is not available in Buffer Cache and must be
read from the data file into the Buffer Cache
before the requested page can be supplied or
when a changed page is written to the data
Logical I/O
Logical I/O occurs when the requested page
is available in the Buffer Cache
Demonstration 1A: CPU and Memory Configurations
• In this demonstration, you will see:
How to configure SQL Server CPU and Memory using SSMS
How to review configuration options using T-SQL
Lesson 2: Planning Server Resource Requirements
• Introduction to Planning Server Resource Requirements
• Discussion: Previous Exposure to Resource Planning
• Planning CPU Requirements
• Planning Memory Requirements
• Planning Network Requirements
• Planning Storage and I/O Requirements
Introduction to Planning Server Resource Requirements
• No easy formula for calculating resource requirements exists
• Planning involves
Checking with ISV or developers
Ask for reference installations and case studies
Request details of previous experiences with the application
Performing tests with real live workloads
Setting goals and evaluating results against them
Planning and predicting further grow of the workload and database
• Monitor the outcome after release into production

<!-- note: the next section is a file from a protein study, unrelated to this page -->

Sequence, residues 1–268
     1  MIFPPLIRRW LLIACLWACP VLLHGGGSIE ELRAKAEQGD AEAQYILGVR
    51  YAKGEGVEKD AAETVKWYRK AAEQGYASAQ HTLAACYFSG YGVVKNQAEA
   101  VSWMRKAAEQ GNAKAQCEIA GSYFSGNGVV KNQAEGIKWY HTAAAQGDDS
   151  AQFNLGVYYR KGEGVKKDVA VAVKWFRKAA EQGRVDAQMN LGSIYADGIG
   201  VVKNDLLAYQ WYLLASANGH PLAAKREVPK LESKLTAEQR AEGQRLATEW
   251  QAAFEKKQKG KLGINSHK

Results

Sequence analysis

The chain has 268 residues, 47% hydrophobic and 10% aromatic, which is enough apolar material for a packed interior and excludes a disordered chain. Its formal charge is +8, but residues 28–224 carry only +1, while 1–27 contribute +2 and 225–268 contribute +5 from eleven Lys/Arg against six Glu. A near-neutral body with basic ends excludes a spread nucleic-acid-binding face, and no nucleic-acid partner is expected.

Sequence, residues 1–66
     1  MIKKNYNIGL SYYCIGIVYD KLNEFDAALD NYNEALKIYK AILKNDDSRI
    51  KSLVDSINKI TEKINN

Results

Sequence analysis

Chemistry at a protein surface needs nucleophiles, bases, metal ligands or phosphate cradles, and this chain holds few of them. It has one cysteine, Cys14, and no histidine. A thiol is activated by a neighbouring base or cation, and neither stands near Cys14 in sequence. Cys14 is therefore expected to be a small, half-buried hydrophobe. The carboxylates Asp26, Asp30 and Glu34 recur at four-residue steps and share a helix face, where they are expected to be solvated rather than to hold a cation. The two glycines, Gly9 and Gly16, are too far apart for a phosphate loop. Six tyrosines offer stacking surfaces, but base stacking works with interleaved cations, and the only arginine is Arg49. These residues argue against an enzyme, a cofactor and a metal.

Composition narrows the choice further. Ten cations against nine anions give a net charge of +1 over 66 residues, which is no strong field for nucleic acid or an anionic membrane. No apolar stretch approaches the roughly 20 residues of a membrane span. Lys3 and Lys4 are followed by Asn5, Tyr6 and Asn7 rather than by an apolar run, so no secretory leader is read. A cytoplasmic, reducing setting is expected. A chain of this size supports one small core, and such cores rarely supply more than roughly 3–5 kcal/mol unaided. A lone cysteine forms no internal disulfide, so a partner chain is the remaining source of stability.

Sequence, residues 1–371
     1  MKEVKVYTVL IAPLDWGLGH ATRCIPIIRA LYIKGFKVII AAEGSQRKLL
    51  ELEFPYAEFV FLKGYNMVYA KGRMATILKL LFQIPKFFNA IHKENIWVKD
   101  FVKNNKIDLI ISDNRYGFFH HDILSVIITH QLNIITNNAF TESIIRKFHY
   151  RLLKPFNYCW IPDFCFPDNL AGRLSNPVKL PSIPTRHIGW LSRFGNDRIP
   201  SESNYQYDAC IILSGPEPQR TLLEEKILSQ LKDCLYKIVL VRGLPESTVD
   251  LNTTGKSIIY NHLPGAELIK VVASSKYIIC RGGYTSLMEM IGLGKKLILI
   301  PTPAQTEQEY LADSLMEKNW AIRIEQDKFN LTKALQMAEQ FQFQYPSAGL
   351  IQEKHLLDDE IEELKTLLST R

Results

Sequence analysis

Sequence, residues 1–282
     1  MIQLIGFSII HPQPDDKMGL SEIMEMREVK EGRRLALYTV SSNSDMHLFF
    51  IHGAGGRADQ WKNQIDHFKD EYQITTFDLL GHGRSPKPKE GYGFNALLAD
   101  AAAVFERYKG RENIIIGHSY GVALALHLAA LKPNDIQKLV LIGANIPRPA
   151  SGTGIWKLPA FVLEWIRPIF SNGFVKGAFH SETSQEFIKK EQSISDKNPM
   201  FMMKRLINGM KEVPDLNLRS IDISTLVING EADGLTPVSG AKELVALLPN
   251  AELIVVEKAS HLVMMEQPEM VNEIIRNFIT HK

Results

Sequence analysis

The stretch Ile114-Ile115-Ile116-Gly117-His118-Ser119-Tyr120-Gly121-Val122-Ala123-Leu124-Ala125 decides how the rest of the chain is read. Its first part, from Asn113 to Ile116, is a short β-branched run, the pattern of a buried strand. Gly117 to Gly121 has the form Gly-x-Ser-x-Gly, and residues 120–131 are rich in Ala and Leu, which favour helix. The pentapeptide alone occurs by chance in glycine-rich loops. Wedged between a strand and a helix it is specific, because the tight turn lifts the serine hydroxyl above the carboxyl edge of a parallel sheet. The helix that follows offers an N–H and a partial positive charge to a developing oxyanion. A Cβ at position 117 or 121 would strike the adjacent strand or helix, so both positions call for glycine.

Discussion: Previous Exposure to Resource Planning
• Resource Planning is an important part of new
What is your previous experience with planning of new
How successful was the planning?
Planning CPU Requirements
• Processor planning is relatively straightforward
• Test on a typical workload and monitor CPU usage
CPU should be below 30 percent in average
Peaks can occur but should not last too long
• More processors provide better parallelism options
Assists with large numbers of concurrent connections
Assists with high data warehouse loads
• Dedicated database server should use all available CPUs
• Many new systems use NUMA architecture
Check with hardware vendor for optimal SQL Server configuration
Planning Memory Requirements
• SQL Server is highly dependent on memory
Caches help to reduce I/O and CPU
Data cache reduces I/O
Plan cache reduces the need for recompiling queries
Memory to store and process data is required during query
Memory shortage can lead to CPU and I/O pressure
• Plan to have enough memory
Able to cache frequently accessed data
Consider memory consumption of other services running on
the system
Planning Network Requirements
• Plan and test the throughput needed for the application
Consider using several network adapters
• Consider dedicating a network connection to administrative
Writing Backups to network devices
Transferring data to other instances using SSIS
• Use a dedicated network connection when using database
• Choose and configure the network protocols used
Check firewall configurations
Test in a network environment similar to the target production system
Planning Storage and I/O Requirements
• I/O requirements need to be determined and tested
• Considerations for storage